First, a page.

The service had a registered manager in place. A registered manager is a person who has registered with the Care Quality Commission to manage the service. Like registered providers, they are ‘registered persons’. Registered persons have legal responsibility for meeting the requirements in the Health and Social Care Act 2008 and associated Regulations about how the service is run.

The service had appropriate safeguarding procedures in place which staff understood. Risk assessments were in place which included information about how to support people in a safe manner. There were enough staff working at the service and robust staff recruitment procedures were in place. Medicines were stored, administered and recorded safely.

Staff were well supported and received regular training and supervision. The service was operating within the principles of the Mental Capacity Act 2005 and people were able to make choices about their daily lives. This included choices about what they ate and drank. People had routine access to health care professionals.

People told us they were treated with respect and in a caring manner by staff. The service promoted people’s independence and privacy.

People’s needs were assessed before they moved into the service. Care plans were in place which set out how to meet people’s individual needs. People were supported to engage in a wide variety of employment, educational and leisure activities. The service had a complaints procedure in place and people knew how to make a complaint.

People and staff told us they found the registered manager to be approachable and helpful. The service had various quality assurance and monitoring systems in place. Some of these included seeking the views of people that used the service.

Inspection carried out on 23 May 2014

During a routine inspection

There were 17 people living in the home at the time of our visit. The inspection was conducted by one inspector. We set out to answer our five questions; Is the service caring? Is the service responsive? Is the service safe? Is the service effective? Is the service well led?

Our report is based on our observations during the inspection, speaking with people who used the service, the staff supporting them and from looking at records.

Below is a summary of what we found. If you want to see the evidence supporting our summary please read the full report.

Is the service safe?

Policies and procedures were in place to make sure that unsafe practice was identified and people were protected.

People were assessed for any risks associated with the support they received and the environment in which they lived. This reduced the risks to people and helped the service to continually improve. People’s care plans and support reflected a balance between their safety and choice.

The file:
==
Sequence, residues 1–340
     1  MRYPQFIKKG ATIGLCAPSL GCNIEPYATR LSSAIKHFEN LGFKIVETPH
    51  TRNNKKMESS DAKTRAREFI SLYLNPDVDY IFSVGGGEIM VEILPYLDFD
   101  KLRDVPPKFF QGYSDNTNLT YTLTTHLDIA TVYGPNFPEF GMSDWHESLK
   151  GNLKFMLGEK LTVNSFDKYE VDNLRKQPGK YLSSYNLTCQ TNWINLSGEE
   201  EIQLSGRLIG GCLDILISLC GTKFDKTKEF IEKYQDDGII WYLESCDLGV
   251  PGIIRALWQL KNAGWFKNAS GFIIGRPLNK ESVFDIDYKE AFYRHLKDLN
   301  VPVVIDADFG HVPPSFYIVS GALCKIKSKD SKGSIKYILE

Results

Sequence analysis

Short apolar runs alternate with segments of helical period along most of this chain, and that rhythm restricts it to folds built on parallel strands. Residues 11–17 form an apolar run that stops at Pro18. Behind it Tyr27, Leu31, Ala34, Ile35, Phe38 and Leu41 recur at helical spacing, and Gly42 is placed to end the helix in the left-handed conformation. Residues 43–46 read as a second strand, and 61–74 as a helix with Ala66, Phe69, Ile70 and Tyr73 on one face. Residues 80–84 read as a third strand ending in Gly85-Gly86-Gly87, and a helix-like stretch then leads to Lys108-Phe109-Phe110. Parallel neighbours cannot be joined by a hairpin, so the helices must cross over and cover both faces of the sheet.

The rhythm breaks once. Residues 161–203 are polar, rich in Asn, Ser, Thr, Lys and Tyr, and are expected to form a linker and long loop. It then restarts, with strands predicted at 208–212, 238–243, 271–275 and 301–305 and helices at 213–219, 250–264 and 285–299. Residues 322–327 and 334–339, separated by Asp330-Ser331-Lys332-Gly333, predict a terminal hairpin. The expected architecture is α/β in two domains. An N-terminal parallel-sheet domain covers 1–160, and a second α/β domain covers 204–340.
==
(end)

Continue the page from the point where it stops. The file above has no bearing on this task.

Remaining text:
The service had policies and procedures in relation to the Mental Capacity Act 2005 and Deprivation of Liberty Safeguards although no applications had needed to be submitted. Relevant staff were trained to understand when an application should be made, and how to submit one. This meant that people were safeguarded as required.

The environment, equipment and facilities were well maintained, checked and audited regularly; therefore people were protected from risk associated with this aspect of the care.

Is the service effective?

People’s needs were assessed before they moved into the service. This helped to give a comprehensive picture of the person and make sure they received the right care and support to meet their needs.

Support for people was planned and delivered in line with their individual care plan. The care plans gave staff clear and current guidance about how to support each person with their personal, social, mental health and health care needs. Specialist support had been identified in care plans and provided where required.

People’s health and care needs were assessed with them, and they were involved in writing their plans of care. Care plans were reviewed regularly and reflected people’s current needs.

Staff were appropriately qualified and trained to support people with their individual needs, wishes and preferences.

Is the service caring?

People were treated with respect and dignity by the staff. People were supported by kind and attentive staff. Staff were clear about their responsibilities and showed a good knowledge and understanding of how to meet people’s needs. People told us that staff were kind and always available if they needed help with any problems.